Addison dogs should be a fed a nutritious, complete diet. Most commercial dog foods are not suitable for Addison dogs (see this article on diet for Addison dogs to find out why). In addition to feeding a natural diet, some supplements can help your dog’s condition. In addition to herbal supplements, a variety of non-herbal supplements can be given to improve your pet’s health.
Melatonin is naturally produced in the pineal gland. The hormone is responsible for the well-being of many bodily functions including setting the body clock (sleep and wake times). Melatonin has a calming effect, so you can use it to calm your pet when a thunderstorm strikes or on a stressful car journey. It does have a drowsiness effect.
Digestive Enzymes and Probiotics
Both products can be used to help your pet’s body break down and use food more efficiently. Digestive enzymes can be helpful to prevent gas, and it may also lead to smaller stool size (if your Addison’s dog has abnormally large stools). Probiotics can prevent diarrhea, treat GI infections and reduce symptoms of irritable bowel syndrome (IBS).
Fish oil can be especially beneficial to Addison dogs because it may help improve your pet’s immune system. Use salmon or fish oil, not cod liver oil (cod liver oil carries a risk of overdose).
Adrenal glandulars –obtained from animals — were the original treatment for Addison’s disease. Florinef and DOCP are synthetic versions of this hormone. Dogs with Addison’s disease have weakened immune systems; Providing glandulars as a supplement can bolster your pet’s ability to regenerate glands and organs.
Most cases of diarrhea can be treated with colustrum, which is a pre-milk substance obtained from cows. Colustrum can also be given to help boost the immune system. Colustrum should be given in very small amounts to prevent side effects, which can include diarrhea and vomiting.
Two branches of medicine exist: allopathic and naturopathic medicine. Allopathic medicine is the medicine we’re used to in the Western world–you get sick, go to the doctor and the doctor writes a prescription. However, naturopathic medicine uses natural substances — like herbs — to treat many ailments. Herbs can prevent pest infestations, relieve an upset stomach, or decrease stress. Addisons in dogs has to be treated with artificial hormone replacement from a veterinarian. However, you can employ herbs to deal with other health issues that crop up. Why use herbs? Addison’s dogs are more likely to have a reaction to traditional medicine, and are not able to cope with stressors (like stomach upsets) in the same way that a healthy dog can.
Herbal medicine goes back to the eighteenth century, when the chemical digitalis was extracted from foxglove — a deadly plant in high doses. This herbal extraction was the birth of modern medicine. Although herbs dropped into the background, there are many naturopathic, or holistic veterinarians who use herbs in their practice. Herbs are not only generally safer, they tend to act more slowly as well. The following herbs can be used to treat ailments — make sure your vet is aware of which herbs you are using, because some herbs can interfere with medications and blood tests.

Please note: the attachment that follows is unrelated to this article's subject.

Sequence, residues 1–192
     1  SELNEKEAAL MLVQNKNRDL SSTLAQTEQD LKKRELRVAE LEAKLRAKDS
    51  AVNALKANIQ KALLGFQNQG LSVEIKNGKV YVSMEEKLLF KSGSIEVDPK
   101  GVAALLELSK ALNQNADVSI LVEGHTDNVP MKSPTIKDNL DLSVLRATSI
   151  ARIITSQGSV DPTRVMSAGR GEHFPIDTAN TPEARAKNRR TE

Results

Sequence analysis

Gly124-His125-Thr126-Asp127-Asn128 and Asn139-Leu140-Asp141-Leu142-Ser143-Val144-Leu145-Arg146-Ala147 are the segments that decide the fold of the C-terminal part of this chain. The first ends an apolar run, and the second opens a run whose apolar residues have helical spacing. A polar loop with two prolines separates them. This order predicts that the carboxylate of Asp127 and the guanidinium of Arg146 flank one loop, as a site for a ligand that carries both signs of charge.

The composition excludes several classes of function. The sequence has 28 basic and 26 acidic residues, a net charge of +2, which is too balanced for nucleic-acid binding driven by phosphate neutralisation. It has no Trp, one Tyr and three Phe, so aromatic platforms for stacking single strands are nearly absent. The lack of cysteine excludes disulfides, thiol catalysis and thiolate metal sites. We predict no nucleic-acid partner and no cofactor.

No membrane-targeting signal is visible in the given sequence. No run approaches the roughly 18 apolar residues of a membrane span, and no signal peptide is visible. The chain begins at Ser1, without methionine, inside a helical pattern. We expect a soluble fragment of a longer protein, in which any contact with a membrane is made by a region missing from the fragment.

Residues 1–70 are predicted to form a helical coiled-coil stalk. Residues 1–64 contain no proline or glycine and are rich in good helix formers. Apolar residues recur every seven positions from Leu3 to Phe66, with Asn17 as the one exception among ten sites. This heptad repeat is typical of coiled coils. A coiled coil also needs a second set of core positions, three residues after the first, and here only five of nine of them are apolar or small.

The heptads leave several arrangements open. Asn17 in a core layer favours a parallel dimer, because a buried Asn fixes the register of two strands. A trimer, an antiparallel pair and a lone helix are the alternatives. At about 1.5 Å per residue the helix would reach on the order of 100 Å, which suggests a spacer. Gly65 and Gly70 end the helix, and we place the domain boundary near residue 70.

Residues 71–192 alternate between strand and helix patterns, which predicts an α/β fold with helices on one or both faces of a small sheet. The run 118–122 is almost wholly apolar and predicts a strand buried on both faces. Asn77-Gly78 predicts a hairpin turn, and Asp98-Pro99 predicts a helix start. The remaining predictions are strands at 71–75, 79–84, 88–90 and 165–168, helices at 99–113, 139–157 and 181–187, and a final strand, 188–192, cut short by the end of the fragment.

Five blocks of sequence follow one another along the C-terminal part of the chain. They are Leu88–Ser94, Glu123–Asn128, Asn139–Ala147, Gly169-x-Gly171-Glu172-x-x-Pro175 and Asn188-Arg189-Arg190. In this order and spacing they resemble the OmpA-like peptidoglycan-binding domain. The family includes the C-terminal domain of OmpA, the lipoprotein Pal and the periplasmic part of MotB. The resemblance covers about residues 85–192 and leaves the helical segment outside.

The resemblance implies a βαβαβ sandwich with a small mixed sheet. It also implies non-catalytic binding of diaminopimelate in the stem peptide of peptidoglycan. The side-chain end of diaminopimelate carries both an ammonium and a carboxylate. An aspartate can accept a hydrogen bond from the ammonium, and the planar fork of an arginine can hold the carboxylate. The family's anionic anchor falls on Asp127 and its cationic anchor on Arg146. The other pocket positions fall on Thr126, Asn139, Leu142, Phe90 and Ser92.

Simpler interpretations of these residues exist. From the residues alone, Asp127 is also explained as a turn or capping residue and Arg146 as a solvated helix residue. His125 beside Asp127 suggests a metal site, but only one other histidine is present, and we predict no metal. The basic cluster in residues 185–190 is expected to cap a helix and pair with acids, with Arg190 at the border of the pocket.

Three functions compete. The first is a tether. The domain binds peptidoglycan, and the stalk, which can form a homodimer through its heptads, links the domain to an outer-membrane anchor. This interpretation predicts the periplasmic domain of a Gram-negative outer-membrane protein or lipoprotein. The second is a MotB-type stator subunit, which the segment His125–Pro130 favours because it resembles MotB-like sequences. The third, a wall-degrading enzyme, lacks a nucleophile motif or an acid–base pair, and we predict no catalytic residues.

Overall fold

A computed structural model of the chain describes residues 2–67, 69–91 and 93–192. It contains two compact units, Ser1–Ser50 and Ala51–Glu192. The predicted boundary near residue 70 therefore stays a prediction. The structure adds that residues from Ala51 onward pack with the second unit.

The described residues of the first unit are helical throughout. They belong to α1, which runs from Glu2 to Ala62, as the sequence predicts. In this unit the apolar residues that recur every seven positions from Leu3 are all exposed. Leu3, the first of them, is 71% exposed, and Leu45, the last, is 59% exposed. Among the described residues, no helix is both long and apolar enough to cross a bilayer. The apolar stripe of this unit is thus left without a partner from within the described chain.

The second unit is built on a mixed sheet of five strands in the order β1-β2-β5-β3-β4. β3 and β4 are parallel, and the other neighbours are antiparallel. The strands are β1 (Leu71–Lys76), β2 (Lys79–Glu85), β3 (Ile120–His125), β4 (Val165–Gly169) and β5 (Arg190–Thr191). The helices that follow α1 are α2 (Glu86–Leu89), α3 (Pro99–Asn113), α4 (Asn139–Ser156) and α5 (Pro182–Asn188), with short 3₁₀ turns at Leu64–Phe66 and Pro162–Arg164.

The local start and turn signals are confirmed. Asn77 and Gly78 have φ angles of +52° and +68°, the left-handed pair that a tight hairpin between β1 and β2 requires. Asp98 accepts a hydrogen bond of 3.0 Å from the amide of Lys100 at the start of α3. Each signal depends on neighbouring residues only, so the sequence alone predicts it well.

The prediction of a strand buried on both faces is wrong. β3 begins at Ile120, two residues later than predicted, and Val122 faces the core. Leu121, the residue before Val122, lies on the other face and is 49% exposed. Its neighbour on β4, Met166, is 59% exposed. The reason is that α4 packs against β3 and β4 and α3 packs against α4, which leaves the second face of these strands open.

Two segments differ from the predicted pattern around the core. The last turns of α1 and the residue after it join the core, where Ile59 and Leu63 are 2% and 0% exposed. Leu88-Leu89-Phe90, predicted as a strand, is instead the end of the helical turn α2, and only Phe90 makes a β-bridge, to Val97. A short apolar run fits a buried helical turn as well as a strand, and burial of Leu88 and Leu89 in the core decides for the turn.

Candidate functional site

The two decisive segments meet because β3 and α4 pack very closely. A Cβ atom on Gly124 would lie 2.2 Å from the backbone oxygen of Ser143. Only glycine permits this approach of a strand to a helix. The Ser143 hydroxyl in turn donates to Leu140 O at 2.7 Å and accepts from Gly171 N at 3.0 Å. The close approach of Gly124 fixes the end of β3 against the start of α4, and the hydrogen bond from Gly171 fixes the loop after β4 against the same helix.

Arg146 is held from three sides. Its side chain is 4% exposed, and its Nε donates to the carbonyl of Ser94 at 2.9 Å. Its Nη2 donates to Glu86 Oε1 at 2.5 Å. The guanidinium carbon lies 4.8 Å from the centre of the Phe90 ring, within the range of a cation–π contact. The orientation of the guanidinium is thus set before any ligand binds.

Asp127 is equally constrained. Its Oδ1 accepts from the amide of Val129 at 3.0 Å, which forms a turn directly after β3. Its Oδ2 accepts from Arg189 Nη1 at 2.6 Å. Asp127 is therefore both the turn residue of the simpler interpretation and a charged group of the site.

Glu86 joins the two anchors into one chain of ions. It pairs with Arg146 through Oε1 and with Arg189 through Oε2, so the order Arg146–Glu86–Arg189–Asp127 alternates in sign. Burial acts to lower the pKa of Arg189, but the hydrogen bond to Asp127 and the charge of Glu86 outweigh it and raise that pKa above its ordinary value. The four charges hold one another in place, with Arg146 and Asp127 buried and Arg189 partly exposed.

Bilberry has been used in some cases to cure cataracts.
Chamomile tea can soothe upset stomachs or to calm thunderstorm fears.
Cayenne pepper can stop bleeding in an emergency — apply it directly to the wound. It can also soothe toothaches — rub into the affected tooth and gum.
Dandelion very high levels of potassium, and is good for liver health.
Garlic has a variety of uses including as an antibiotic, an astringent, an immune system booster, antibiotic, and as a digestive tract cleanser.
Ginger can help with motion sickness, if given before car rides.
Hawthorn has been shown to halt the progress of, or even completely eradicate, heart disease.
Rosemary tea can help soothe flaky, eczema-type skin issues. Apply as a rinse to your pet’s coat and skin.
Notes on Dosage:
“Clark’s Rule” is used for pediatric dosing — it can also be applied to dogs. If you are not sure about how much of a herb to give to your dog, follow these steps:
1. Weigh your dog (in pounds)
2. Divide your dogs weight by 150. For example, if your dog weighs 50 pounds then 50/150 = 0.333.
3. Multiply the stated dose by the amount you calculated in step 2. For example, if the stated dose is 10 drops for an adult, then you would give a 50 pound dog 0.333 * 10 = 3 1/3 drops.
Addisons dogs have a compromised immune system; it goes without saying that you should feed your pet the most nutritious ingredients available. By providing your dog with a home-made diet, you’ll avoid some of the shocking ingredients found in commercial food, including euthanized animals.
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